Unless your JIRA system, or project, has recently been created it will very likely contain a wealth of historical information. For ServiceClarity to build a historical view of your data it is often necessary to rethink how you find the issues that you want to track, to rethink your JQL. This can be best explained through a simple example: work in progress

An important KPI available from JIRA, and a fundamental performance indicator, is a count of the number of tasks (issues, tickets, stories, etc) that are actively being worked on at any one time. This is the simplest measure of work in progress (WIP) that you can track and in the absence of detailed estimates or sizing it can be a valuable way to monitor the flow of work.  The default JIRA installation and JIRA Cloud account come with a built in configuration that includes a work status called: “In Progress”. To make use of this default we could write a JQL query to find work that is currently “In Progress”.  

status = 'In Progress' AND project = 'Example Project Name' AND issueType = 'Defects' 

The example query above will return the issues that are in progress at the moment the query is run, however, for ServiceClarity to look back in time at historic JIRA data we need to rethink how we select the work in progress. Fortunately there are advanced JQL features that can help us, the details of which can be found in Atlassian’s support portal:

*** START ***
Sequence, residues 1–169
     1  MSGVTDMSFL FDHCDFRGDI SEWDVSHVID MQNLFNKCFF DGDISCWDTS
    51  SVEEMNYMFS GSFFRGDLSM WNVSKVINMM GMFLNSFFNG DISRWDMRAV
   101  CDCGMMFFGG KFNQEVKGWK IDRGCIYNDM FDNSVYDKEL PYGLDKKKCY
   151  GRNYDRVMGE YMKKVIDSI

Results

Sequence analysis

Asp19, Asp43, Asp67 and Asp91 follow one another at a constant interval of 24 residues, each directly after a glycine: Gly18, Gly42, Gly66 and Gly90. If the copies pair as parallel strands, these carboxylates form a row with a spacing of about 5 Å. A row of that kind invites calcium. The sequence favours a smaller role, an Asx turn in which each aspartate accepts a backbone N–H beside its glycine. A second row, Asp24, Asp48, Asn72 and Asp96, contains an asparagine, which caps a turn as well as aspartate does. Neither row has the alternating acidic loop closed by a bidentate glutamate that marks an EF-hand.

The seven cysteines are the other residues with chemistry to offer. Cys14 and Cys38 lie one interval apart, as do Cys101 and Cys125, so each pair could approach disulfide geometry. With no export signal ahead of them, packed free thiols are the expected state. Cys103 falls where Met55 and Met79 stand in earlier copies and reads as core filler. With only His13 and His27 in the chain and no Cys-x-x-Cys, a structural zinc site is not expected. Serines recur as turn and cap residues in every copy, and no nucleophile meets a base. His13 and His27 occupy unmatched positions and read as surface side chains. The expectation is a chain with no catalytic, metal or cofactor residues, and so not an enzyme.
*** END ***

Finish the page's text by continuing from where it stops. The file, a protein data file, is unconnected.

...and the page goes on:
Using the advanced JQL operator WAS … ON  we can adapt our previous example to cope with finding historic data by changing the date ‘2015-11-14’ in our new example JQL:

status WAS 'In Progress' ON '2015-11-14' AND project = 'Example Project Name' AND issueType = 'Defects' 

The Atlassian documentation on advanced operators includes many examples but an interesting one worth highlighting here is CHANGED FROM … TO , which can enable some useful JQL filtering within ServiceClarity. 

An example of how ServiceClarity can make use of this operator is to historically track a common support KPI: time to respond. This KPI calculates the time that support issues take to move from a status of “New” to the next stage of the support process, for example: “In Progress”. To calculate values for the time to respond on a date in the past ServiceClarity needs to find those issues that have made that transition from “New” to “In Progress” on that date:

status CHANGED FROM 'New' TO 'In Progress' ON '2015-11-14' AND project = 'Example Project Name' AND issueType = 'Defects' 


Did this answer your question?